An extraordinary report by consultants Capital Economics, for BVI Finance, claims that the British Virgin Islands are responsible for $1.5 trillion of assets invested around the world, and that these result in 2.2 million jobs and $15 billion in tax revenue. A better approximation would be that the BVI imposes global tax losses of $37.5 billion every year.
Any investments made via BVI could equally go through any other conduit jurisdiction but there is a particular reason why investments go through the small Caribbean nation. It is the anonymity of ownership that BVI sells globally, regardless of the repeated exposure of its entities’ involvement in tax abuses and other forms of corruption and criminal behaviour that is its unique selling point. Not cost or market access, as the report claims, in fact there is little to choose between major financial centres on those metrics. There are also good reasons to avoid investing through a small and unbalanced economy, with questions over both its political governance and the sustainability of its business model.
The claimed $1.5 trillion of investment routed through the BVI is significantly higher than previous estimates by the likes of the IMF. And so too is the likely cost to the rest of us – not least in lost tax revenues.
Here’s a quick ballpark figure. The leading academic work by Gabriel Zucman (see Table 1) identifies a lower-bound for offshore assets of $7.6 trillion, with a proportion near 80% estimated to be undeclared to tax authorities, giving rise to an estimated global tax loss of $190 billion each year. As a hypothetical, and assuming the same propensity to declare to home tax authorities as Zucman finds elsewhere, the $1.5 trillion in assets claimed for BVI now would suggest that the jurisdiction would be responsible for global tax losses of the order of $37.5 billion.
In other words, the rest of the world is paying around $1.25 million every year for each of the 30,000 inhabitants of the BVI, as a massive subsidy of the islands’ secrecy model. And that’s before we factor in the undoubtedly large, non-tax costs of the corruption that BVI facilitates through its anonymous companies.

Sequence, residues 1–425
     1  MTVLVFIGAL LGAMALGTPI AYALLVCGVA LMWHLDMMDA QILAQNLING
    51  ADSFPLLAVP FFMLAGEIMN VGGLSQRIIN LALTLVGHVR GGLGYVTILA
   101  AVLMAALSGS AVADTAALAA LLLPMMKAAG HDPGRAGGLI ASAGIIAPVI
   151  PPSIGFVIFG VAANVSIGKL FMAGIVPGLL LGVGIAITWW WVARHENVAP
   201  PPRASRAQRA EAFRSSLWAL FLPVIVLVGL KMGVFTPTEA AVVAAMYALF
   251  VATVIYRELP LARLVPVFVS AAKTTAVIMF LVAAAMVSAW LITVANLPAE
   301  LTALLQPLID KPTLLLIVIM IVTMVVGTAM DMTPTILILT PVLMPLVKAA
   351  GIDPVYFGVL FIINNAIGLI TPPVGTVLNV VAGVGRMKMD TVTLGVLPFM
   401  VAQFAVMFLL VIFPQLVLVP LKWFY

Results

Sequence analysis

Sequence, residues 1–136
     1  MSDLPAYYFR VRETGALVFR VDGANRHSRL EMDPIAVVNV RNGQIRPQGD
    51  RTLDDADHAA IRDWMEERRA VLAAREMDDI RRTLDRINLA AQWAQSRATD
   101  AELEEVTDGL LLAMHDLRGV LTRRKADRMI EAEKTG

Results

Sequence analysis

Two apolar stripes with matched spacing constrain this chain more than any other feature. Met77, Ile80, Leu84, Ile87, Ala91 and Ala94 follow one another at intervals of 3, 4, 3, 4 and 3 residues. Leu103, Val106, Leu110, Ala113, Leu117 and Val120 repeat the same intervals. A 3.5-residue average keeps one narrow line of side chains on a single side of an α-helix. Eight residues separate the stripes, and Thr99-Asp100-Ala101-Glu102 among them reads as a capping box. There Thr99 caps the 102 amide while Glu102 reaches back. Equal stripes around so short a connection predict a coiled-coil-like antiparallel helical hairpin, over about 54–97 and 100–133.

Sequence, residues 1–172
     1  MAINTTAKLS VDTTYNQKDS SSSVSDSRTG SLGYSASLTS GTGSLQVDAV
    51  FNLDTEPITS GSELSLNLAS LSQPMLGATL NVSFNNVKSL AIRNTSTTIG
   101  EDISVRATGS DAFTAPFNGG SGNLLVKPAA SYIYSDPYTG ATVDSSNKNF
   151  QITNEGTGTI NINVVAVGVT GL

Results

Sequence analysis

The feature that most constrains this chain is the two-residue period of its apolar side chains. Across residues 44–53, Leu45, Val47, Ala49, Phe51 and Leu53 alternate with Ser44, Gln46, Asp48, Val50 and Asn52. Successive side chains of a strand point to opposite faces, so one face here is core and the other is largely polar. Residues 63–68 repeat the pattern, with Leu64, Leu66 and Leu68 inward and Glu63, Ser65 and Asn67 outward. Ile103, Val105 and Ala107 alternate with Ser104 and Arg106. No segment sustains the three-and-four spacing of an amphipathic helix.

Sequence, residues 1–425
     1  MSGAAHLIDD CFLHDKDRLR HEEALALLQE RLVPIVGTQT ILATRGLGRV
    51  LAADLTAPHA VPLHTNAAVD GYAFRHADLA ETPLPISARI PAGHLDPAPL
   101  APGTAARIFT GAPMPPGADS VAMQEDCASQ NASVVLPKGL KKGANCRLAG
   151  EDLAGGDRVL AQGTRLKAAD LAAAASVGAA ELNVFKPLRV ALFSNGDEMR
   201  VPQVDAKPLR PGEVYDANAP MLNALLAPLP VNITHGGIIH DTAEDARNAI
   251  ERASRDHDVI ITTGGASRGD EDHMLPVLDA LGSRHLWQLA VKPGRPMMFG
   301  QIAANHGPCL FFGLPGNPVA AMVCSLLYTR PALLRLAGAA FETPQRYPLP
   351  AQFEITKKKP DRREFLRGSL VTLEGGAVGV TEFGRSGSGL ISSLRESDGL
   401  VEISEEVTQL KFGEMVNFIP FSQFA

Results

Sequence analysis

Long ago, the UK encouraged its overseas territories down the road of tax havenry, to limit its own responsibilities to provide aid. How much cheaper it would have been for us all, if the UK had invested in productive, sustainable livelihoods for the islanders instead.
Anonymous BVI companies were the majority of the secrecy vehicles uncovered in the Panama Papers, and have been shown to be involved in all manner of tax abuse and corruption cases. The commitment to secrecy was further demonstrated by the BVI government’s repeated granting of a licence to operate to Mossack Fonseca during the 2000s, despite the latter being unable or unwilling to name company owners when required to do so.
If the BVI wants to shed its image as a ‘tax haven’, it shouldn’t waste money paying consultants to claim that it’s not – especially not consultants who recently made similar claims for Jersey. The BVI should instead address the reasons it is viewed as a tax haven – namely, the financial secrecy it provides and should follow the emerging international standard by establishing a public register of the ultimate beneficial owners of all BVI companies and trusts.
The capital economics report was covered in a Financial Times article in which Alex Cobham was quoted from the TJN. The article can be seen here.
The TJN report on the British Virgin Islands, published as part of our financial secrecy index, can be found here.
The original capital economics report can be found here.